1. Plan your day ahead of time.
This sounds too easy, right? A total “duh” moment. But it’s like a light bulb turns on when I recommend this tiny little tip to my clients. Example: If you have $100 to spend at Lululemon – do you just pick up a pair of Wunder Unders, a Scuba Hoodie and a head band, walk up to the register with fingers crossed, hoping you didn’t spend more than $100? What, no! Does that seem logical?
Of course not! You’re checking the price tag of each piece (praying for sale item) and mentally adding everything up so that you can stay within your budget.
Flexible Dieting is the exact same scenario. Budgeting your macros so that at the end of the day, your check book balances. Sorry, you don’t come home with new Wunder Unders, instead, you come home with better energy, better performance in the gym, and fat loss all over (abs, anyone?)
It’s easy to do. When you’re laying in bed tonight, open up your food journal and swipe to tomorrow. Enter in everything you need for breakfast, lunch, dinner, post-workout snack, etc., adjusting as necessary, to hit your goals. Tomorrow, if you need to adjust a little bit here and there, that’s ok. What you have set up is a beautiful plan, and now all you have to do is follow it (and hope that stress cravings for chocolate don’t get the best of you. But that takes me to the next tip).
2. Stop eating what you want to and start eating what you need to.
Do you really need another pair of Wunder Unders? Do you really need another Scuba Hoodie?
Do you really need another scoop of ice cream? Do you really need dark chocolate covered caramels?
No, you want them. Your desire for instant gratification is stronger than your desire for long-term results.
80% of the time, eating should be considered a job and not a past-time. Mindless eating when you’re flexible dieting should become a thing of the past. Everything you put in your mouth has a purpose and each morsel is either hindering you or helping you.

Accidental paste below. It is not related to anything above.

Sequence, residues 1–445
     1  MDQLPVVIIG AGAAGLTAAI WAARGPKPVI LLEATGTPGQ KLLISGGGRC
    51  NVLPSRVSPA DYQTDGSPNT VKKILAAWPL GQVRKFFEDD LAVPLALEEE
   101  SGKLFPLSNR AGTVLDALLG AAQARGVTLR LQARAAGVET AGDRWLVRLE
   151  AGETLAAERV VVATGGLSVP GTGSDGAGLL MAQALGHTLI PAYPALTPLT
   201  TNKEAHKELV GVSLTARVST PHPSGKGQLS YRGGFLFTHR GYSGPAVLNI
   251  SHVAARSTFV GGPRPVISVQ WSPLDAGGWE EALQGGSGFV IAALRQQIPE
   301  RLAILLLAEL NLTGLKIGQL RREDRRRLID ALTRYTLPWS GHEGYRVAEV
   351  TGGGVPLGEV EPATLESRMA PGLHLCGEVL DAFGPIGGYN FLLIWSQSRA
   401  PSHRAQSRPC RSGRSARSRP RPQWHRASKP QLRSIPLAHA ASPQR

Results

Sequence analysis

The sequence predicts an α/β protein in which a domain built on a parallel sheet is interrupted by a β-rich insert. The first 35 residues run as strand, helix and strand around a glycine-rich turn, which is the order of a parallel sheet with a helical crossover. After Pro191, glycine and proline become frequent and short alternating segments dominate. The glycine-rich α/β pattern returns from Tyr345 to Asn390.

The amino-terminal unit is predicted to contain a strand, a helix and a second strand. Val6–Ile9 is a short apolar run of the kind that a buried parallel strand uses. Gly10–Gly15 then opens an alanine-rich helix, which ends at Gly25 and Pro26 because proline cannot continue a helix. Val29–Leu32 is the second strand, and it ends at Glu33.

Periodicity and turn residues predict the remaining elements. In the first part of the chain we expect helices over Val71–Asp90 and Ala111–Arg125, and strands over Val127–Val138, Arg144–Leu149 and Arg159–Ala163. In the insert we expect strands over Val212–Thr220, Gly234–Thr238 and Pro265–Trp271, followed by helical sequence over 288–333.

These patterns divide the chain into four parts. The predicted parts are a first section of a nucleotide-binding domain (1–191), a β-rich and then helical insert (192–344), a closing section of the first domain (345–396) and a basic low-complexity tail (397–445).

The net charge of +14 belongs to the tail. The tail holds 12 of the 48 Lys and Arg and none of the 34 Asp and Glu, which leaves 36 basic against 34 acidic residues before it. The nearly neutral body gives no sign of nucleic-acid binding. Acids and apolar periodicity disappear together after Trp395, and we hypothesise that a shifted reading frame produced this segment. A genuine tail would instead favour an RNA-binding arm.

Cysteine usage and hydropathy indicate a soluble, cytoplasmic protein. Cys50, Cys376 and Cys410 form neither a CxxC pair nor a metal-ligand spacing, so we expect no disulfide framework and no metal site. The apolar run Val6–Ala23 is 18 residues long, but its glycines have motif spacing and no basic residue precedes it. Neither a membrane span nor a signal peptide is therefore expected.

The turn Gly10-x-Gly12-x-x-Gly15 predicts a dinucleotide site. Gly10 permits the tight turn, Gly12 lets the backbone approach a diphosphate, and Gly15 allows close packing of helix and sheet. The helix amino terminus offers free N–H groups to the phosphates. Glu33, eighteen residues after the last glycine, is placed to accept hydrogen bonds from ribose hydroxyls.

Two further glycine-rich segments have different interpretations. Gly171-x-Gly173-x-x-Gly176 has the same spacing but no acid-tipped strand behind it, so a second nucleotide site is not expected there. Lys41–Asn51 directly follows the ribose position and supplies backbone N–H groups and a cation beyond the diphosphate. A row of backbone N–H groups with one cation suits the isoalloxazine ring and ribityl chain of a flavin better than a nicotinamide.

3. Log it before you eat it.
If you can’t log your whole day in advance and follow your own journal (aka Mini Meal Plan, see Tip #1), then at least abide by this rule: log it before you eat it. I promise you, 100% of the time, if you log it before you eat it, you will be very, very successful in hitting your macros! We fail when we try to add up too many random things AFTER eating them throughout the day; after inputting everything you thought had you on track, you discover you ate all of your carbs and now you’re stuck with 39g of protein and 2g of fat for dinner. Have fun eating A LOT of egg whites and another protein shake.
4. Use the Scanning feature in [your food app; either MyFitnessPal or MyMacros+].
[Both of these apps are] easy to use The neatest feature is the UPC scanner. It makes food logging immensely fast; which is good for all of us that never have enough time in the day. You simply open up the app, click the scanner, and scan the food UPC label of the food you’re about to eat. So simple. This is the best feature they’ve come out with for folks who struggle to follow Tip #3.
5. Add some volume to your diet.
At the end of the day, IIFYM is still a diet. If you’re doing it for weight loss, that means you’re most likely in a caloric deficit. You might feel hungry some days. The best way to combat that is to mix in some vegetables with your protein and carbohydrate sources. Mix it up a little though, it doesn’t always mean you have to have another boring salad.
Instead of a one cup of spaghetti noodles, why not do a half cup of spaghetti noodles and a full cup of zucchini noodles, mixed together with your marinara sauce? Instead of one cup of brown rice, why not do a half cup of brown rice and one cup of cauliflower rice, mixed together? Vegetables are your best friends when you’re looking to feel “full”, they should be your go to. They’re rich in water and fiber and micronutrients.
Flexible dieting is a way of eating that allows you the freedom to eat the things you love, but still reach your body composition goals, enjoy new energy levels, and train harder than you have before. Like any new habit, at first it can seem daunting and overwhelming, but eventually it becomes a habit, probably one of the healthiest and most helpful ones you can adopt. If you need help calculating your own calories and macronutrients or staying on track, I’m here to help!
Thanks to Courtney Worthington over at carrotsncake.com for originally posting this article! It's definitely one to read.